Life is Expensive, a Walk in the Park is Free

This week, like most, has been a busy week so far, and my wife and I have logged some serious hours in our home offices. As we own our own businesses, our days are filled with constant activity; from website projects to advancing tour dates to writing projects to filing income taxes. Work, work, work, that’s what we’ve all been called to do, and as life becomes more expensive with every passing year, it seems impossible to ever get ahead. Pursuing a music career in Nashville is no exception, and this causes many to closely watch their budgets, often refraining from recreational activities. One thing that you can do in middle Tennessee, that costs only the gas it takes to get there, is visit one of its beautiful state parks, and yesterday, that’s just what we did, heading off to Edwin Warner Park with some water and granola bars just after lunch.

We’ve been to the Warner Parks many times since our first discovery of these magnificent shrines of nature five years ago, and on this particular day we tackled “The Red Trail”, perhaps the parks most challenging hike covering about 5 1/2 miles. As we hiked through this amazing place, which spans almost 3000 acres of deep woods terrain only 9 miles from downtown Nashville, the stresses of everyday life and business seemed to fall by the wayside with every step we took. The park is exceptionally maintained, with clearly marked trails, and at times, the sounds of the outside world disappear to be replaced by the sounds of singing birds, foraging squirrels, soft winds, and our own footsteps amidst the occasional silence. While it was an unseasonably hot spring day of 90°, the rapidly blooming natural canopy of the forest around us protected us from the hot Southern Sun as we retreated further into the forest. Our midweek expedition took us deep within this mystical place, climbing up and down steep foothills, across the high plateau, through Dripping Springs Hollow and onward past the Betsy Ross Cabin, ever surrounded by majestic timbres, large twisting vines, and immense floral wonders. After losing ourselves in this magical place for a little over an hour and a half, we arrived back at our car feeling reinvigorated, with a renewed sense of purpose and perspective.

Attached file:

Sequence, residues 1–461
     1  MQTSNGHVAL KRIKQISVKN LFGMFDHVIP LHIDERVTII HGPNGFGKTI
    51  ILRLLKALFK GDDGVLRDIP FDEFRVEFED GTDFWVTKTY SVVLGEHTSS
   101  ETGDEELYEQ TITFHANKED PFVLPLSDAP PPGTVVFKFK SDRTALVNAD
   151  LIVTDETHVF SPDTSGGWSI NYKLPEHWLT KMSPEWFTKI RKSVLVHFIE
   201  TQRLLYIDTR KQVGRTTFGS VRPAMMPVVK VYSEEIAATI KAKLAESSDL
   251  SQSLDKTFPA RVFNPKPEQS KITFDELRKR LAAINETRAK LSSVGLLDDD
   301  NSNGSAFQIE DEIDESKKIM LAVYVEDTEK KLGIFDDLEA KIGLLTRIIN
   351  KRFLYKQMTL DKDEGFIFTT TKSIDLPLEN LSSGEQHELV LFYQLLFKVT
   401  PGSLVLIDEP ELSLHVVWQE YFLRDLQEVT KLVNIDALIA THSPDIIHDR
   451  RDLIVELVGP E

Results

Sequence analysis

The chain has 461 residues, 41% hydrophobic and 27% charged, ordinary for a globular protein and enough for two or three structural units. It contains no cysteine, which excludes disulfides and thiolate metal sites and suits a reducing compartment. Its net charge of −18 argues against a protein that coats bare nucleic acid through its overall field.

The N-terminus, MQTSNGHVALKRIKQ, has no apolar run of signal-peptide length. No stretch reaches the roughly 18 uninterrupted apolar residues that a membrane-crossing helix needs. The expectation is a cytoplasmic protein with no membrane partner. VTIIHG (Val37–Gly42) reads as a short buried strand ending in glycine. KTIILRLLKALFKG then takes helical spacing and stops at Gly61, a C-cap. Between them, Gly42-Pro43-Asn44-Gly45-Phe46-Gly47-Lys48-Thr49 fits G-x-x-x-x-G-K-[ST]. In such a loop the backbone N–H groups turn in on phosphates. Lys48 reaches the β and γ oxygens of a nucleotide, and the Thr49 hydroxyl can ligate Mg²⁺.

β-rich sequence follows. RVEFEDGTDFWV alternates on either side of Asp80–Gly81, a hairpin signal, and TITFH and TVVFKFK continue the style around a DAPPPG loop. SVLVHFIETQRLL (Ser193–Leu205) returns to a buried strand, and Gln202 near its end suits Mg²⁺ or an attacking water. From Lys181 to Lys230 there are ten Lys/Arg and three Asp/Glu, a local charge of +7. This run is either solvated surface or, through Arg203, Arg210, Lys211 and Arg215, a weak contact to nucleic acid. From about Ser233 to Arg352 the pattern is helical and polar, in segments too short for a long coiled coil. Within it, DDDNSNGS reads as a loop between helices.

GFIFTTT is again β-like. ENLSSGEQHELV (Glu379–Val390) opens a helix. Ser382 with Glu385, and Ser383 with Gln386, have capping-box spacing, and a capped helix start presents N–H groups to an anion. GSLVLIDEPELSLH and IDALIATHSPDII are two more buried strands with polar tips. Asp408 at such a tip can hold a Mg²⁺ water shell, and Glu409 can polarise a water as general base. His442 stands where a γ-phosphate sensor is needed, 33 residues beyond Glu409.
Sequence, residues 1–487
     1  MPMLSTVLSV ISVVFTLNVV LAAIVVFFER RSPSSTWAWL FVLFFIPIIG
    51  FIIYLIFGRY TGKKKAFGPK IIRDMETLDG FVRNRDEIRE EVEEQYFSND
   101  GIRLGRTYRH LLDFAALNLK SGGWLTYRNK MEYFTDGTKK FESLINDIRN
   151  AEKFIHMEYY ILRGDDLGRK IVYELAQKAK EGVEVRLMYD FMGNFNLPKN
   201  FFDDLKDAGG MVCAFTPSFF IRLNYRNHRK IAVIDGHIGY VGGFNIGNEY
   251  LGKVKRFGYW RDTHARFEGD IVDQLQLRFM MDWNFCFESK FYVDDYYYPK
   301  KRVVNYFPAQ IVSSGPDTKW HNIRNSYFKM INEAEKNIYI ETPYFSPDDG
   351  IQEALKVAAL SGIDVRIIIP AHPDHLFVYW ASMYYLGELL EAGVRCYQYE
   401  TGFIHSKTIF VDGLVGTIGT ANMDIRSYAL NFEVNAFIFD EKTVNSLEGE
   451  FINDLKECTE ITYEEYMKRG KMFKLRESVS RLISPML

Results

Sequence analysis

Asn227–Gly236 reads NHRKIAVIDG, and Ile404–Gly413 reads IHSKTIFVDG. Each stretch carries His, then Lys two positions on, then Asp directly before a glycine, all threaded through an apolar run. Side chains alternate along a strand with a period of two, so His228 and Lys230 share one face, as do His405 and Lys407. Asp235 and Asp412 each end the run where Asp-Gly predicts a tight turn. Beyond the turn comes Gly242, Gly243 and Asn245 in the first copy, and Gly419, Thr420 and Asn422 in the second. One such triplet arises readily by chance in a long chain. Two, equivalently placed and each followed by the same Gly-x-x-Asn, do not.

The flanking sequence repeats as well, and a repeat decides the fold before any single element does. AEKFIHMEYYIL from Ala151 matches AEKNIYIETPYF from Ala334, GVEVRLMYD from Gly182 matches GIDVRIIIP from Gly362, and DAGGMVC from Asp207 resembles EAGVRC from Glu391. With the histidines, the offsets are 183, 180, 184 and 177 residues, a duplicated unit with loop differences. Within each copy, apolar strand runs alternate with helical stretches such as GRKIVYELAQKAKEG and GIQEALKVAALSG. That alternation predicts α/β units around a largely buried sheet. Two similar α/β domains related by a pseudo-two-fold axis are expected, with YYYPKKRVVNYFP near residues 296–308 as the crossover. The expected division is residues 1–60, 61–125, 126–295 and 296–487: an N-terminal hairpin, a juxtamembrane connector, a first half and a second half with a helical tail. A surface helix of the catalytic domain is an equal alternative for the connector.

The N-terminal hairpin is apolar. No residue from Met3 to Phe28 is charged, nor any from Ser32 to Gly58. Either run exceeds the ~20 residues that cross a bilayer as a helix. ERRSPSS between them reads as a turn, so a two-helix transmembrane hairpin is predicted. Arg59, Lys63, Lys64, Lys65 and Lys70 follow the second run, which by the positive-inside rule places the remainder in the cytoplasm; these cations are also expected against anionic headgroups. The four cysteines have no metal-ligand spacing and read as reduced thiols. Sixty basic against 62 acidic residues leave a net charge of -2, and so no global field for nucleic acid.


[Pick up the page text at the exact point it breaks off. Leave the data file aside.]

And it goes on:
It’s amazing how taking a real timeout can help recharge one’s batteries, kind of a spring cleaning for the mind and soul, and how sadly, we as a society, are not more in tune to such simple yet powerful concepts. We could all live richer lives if we could just simply learn to become more connected with the world just outside of our home, our offices, and the usual playgrounds of life. For in the often chaotic and overly hyperactive world we live in, if life is expensive, a walk in the park is still free.

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